Sesquicentennial Stars of 1847
+ Von Del Chamberlain +
In late July 1847, in a valley beside one of the world's great dead seas, a group of people, weary from long and difficult travel, were busy unloading their few possessions at a place they had selected to build their new home. Soon, they would celebrate the end of their journey; indeed already such feelings were swelling as they worked. Little time for festivities, however, with so much work to do. Fields must be cleared and planted--very late to expect much of a crop. Shelter must be made against the expected winter of unknown proportions--unknown by their own previous experience. Almost all of the things the family would need must be located or made: furnishings for the home and the house itself.
As darkness crept in upon the group that evening, one of the children cried, "There it is. There is Venus. It has been so beautiful for all these months as we traveled, getting higher and brighter each night. It always seemed to point the way we should go next morning. Did it guide us to this place? Was it our special star? Now it is shining down upon our new home." They all stopped what they were each doing and looked out to the west to let their eyes feast on the luster of the brilliant planet. It was like a special guiding star that brought Christmas in the middle of summer. What a gift to have finally arrived at the place they would call home.
This family might have continued to watch as it got darker. The Moon was bright that night, just two days before full, so they paid little attention to the Milky Way that cut the sky in half over them. The bright star Spica was well up in the southwest with even brighter Arcturus was higher. The Great Dipper was high north of west and they could easily find the North Star to help them get their bearings in this new place. Off to the south was bright Antares in Scorpius and on around the horizon well up in the east were the three bright stars forming a triangle that they had watched get higher each evening as they approached the valley where they would live: Vega in Lyra, Altair in Aquila and Deneb in Cygnus.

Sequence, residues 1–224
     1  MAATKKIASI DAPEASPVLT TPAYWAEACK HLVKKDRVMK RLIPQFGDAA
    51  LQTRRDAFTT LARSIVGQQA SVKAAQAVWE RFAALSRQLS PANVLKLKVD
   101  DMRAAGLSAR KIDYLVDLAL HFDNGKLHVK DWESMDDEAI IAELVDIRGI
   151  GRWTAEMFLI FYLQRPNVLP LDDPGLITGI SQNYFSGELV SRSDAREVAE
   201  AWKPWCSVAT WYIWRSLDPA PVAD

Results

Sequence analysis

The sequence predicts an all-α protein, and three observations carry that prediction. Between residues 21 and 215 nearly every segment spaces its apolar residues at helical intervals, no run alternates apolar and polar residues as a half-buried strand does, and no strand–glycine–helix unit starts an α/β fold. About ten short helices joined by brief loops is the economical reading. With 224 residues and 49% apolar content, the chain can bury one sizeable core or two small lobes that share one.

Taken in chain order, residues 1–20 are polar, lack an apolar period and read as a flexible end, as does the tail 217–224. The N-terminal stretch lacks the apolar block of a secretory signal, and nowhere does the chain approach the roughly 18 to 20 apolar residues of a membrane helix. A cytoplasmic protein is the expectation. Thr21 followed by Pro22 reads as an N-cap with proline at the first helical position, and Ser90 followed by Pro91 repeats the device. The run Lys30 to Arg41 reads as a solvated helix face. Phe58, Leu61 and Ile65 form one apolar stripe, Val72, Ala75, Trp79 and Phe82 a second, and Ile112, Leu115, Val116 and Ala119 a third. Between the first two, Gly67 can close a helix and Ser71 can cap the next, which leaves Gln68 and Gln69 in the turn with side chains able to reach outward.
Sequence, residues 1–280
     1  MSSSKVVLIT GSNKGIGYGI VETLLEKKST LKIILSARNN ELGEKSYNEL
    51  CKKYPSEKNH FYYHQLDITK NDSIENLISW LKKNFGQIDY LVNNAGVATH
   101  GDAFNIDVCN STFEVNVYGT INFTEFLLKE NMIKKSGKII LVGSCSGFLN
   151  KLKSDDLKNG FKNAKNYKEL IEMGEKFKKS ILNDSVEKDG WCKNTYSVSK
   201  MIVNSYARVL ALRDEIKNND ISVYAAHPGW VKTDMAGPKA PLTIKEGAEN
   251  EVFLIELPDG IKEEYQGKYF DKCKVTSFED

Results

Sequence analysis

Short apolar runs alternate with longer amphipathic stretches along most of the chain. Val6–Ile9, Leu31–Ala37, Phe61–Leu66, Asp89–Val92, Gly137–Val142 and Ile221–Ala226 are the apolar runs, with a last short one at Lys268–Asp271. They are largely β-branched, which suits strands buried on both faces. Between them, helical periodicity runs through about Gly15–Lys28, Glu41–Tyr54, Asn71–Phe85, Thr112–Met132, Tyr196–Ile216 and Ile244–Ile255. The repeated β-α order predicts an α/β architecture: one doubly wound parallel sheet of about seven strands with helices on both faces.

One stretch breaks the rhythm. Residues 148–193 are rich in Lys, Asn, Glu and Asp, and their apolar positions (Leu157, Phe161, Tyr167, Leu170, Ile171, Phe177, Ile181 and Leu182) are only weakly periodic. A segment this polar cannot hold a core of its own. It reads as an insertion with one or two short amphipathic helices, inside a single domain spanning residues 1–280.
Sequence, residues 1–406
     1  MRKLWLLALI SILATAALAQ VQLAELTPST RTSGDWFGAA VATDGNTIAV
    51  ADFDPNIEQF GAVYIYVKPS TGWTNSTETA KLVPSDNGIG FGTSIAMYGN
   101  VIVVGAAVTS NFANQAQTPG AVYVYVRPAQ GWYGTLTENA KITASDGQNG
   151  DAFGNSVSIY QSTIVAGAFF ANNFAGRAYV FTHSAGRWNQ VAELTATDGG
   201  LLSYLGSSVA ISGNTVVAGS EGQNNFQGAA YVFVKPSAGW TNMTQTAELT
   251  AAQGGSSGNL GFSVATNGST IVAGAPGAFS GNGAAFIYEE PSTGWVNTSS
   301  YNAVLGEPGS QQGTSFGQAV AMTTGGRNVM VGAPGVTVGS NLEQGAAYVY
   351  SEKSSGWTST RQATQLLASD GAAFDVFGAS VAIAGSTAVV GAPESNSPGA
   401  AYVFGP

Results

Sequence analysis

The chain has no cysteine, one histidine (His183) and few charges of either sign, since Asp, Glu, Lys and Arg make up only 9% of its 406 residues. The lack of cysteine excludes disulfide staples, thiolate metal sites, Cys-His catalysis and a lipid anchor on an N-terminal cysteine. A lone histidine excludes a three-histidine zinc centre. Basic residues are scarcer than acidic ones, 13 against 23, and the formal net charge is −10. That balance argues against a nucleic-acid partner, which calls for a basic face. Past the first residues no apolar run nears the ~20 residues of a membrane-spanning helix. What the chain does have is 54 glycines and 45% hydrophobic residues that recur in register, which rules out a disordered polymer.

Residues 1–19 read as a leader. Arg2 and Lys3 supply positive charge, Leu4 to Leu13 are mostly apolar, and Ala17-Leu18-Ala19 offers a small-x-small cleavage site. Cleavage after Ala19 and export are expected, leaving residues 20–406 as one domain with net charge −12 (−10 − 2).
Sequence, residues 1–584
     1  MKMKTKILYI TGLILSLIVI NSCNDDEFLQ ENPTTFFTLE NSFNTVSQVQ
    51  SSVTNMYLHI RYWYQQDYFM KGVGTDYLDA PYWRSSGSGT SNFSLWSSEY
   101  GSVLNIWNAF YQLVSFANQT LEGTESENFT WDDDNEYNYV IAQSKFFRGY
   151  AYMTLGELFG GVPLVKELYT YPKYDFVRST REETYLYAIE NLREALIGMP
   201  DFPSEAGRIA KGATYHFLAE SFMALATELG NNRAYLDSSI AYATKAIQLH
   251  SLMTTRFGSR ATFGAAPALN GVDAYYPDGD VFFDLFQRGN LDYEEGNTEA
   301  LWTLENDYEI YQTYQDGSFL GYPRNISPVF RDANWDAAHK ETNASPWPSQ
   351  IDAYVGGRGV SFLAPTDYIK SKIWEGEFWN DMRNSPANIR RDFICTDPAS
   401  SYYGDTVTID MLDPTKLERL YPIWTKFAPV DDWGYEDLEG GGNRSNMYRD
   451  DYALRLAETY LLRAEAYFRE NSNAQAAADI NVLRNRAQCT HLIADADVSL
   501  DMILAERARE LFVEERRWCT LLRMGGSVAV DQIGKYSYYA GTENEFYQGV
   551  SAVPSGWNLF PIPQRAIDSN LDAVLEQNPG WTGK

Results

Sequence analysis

The Pioneers would have watched these stars move higher until Vega, brightest star in the Summer Triangle and the brightest one in the constellation Lyra, was almost overhead at midnight in the mid-July sky. Next to Vega they saw two dim stars that connect to Vega in a tiny triangle. Just to the east of the lower of these dim stars is another about the same brightness. The most common name of this star is "Sheliak" and is 150 light years away from us. Thus, as we look upon Sheliak now we see light that left the star when Pioneer wagons were rolling into the Salt Lake Valley. Sheliak is our Sesquicentennial Star!
Knowing the stars was a very natural thing for those people. Like friends accompanying them across the plains and into the mountains, they had gazed at each other so often: like divine eyes starlight flowed down into upturned human eyes. Under this spectacular canopy people shared stories, sang songs, cooked meals, played games and let sleep come to yield energy for the next day.
Except for a few differences (Moon and planets), the same stars look down upon us 150 years later. The major difference is that these people were able to look up there and see the starry heavens in all their glory, whereas we, living here today, cannot. To see the sky as they did we must venture out into the country quite some distance. In 1847 the only lights on earth were from fires, lanterns and candles. Step out, look up and the lights of heaven provided the most majestic canvas ever looked upon.
Consider the changes since that time. Now, when astronauts orbit above us they look down upon a constellation that has blossomed to reveal the spread of humanity over the globe. Cities and towns gleam along waterways and concrete highways. The major dark areas are the deserts, mountains, oceans and arctic lands: places too dry, too high, too wet, or too cold for convenient living. Now, looking down, we see the great constellation of humanity glowing and growing on the planet. In 1847 they could look up to see the changeless patterns formed by stars and watch Moon and planets cycle through their pathways.
It seems ironic to me as I realize that this is the 47th article I have written for this column, coming as it does during the sesquicentennial Days of 47. I am fortunate to be living in a great city that has arisen on the edge of mountain, salty sea and desert. Each of the past 150 orbits of Earth round Sun has seen changes on the land in this place, while the seemingly changeless sky moved overhead, counting days and years. Each generation looked out to those same gleaming lights of heaven that watched the "progress" wrought by hand and mind. The few migrating here have transformed into a multitude calling this valley "home." Two sets of constellations tell the story: one nonexistent when pioneer wagon arrived, now seen by orbiting eyes surveying a great technology; the other, little changed, but seen less frequently by residents comforted from darkness by artificial light. Perhaps by looking around and deeply considering past, present and future we can honor both land and skyscapes with our presence.